Thursday, 28 June 2012
Honey-pot system used to flush out cyber hackers at German giant Telekom
Most cyber attacks from external sources can be easily prevented if detection and security software is kept up to date, according to Thomas Tschersich, Head of Global IT-security at German telecommunication giant Telekom. He also explained to Commercial Risk Europe how his company uses a honey-pot system to attract hackers in order to trick them into revealing their methods and techniques.
“Between eighty and ninety percent of today’s data leaks could be avoided if companies kept their software in shape and updated,” said Mr Tschersich.
But in order to mitigate the threat of a cyber attack on its systems, Telekom has gone one step further and set up a special online program that actively encourages criminals to attempt a breach.
The so-called honey-pot system creates promising hacker targets, with low security barriers and the suggestion that they hold valuable data, such as customer information or even credit card data.
However, hackers who access the apparent web server do not find anything valuable. Instead, the program analyses exactly how each hack took place. Telekom then uses this information to keep its IT security systems updated.
Telekom keeps between 30 and 40 such honey-pot systems online worldwide, and each is being attacked about 50,000 times per month, Mr Tschersich said. As a consequence, his team of specialists have unearthed around 50 new tools and techniques used by computer hackers.
Telekom’s IT specialists then use the information to direct similar malware at the company’s products before they are sold. In short, they test whether the products stand up to such attacks. “It’s about continuously keeping the system in shape,” Mr Tschersich said.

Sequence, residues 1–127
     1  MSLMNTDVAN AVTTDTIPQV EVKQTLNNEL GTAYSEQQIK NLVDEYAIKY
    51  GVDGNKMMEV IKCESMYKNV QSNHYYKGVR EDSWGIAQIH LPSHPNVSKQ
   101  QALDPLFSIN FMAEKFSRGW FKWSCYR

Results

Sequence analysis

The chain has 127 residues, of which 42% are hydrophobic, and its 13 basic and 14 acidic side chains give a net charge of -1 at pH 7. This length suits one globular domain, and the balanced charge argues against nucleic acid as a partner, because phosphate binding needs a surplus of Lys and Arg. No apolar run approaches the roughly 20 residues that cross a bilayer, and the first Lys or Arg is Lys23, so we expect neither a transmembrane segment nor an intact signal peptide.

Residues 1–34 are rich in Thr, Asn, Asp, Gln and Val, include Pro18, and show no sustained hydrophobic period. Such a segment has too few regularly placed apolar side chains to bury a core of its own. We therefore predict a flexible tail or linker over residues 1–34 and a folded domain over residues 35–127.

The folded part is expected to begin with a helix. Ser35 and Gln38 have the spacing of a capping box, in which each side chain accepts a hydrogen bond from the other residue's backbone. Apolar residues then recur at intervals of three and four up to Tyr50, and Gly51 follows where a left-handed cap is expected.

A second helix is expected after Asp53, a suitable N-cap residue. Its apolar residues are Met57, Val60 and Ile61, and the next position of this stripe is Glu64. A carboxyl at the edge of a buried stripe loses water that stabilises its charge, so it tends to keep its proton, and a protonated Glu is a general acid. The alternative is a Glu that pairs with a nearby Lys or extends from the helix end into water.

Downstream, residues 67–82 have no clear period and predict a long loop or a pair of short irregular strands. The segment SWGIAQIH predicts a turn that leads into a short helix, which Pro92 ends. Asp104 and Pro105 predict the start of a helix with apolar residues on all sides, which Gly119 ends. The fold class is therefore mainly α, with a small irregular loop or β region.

But even well organised IT departments cannot rule out the threat of IT-risks altogether. “There is always a residual risk,” Marcel Roeder, Senior Consultant with broker Aon said. He advises companies to think about insurance of data loss or financial damage.
The market for cyber risk insurance is still dominated by British and American insurers, explained the broker. One reason for that is that few German companies have shown much interest in cover, he added.
Mr Vives of Südvers interprets the situation somewhat differently. “Available insurance products have to be adjusted individually to a company’s needs, and that makes them expensive,” he argued. This is turn makes them unattractive to German buyers.
One insurer already offering insurance against IT risk is AGCS, the industrial risks subsidiary of Allianz. Its all-risk contract helps cover damage to IT systems as a result of attacks and subsequent business interruption.
“Additionally, the contract helps when workers damage the IT by intentional or accidental installation of malware,” Hans Poettker, Global Head of Engineering at AGCS explained.
The yearly premium for cover ranges between about €20,000 and several millions of euros, depending on the size and risk profile of a company.
But German companies are rather hesitant to take out the cover. According to Mr Poettker, AGCS has sold less than 50 contracts. Cover is at present restricted to between €50m and €100m. “Our solution is no final answer,” Mr Poettker said. “IT risks are changing constantly and the needs of customers do so with them.”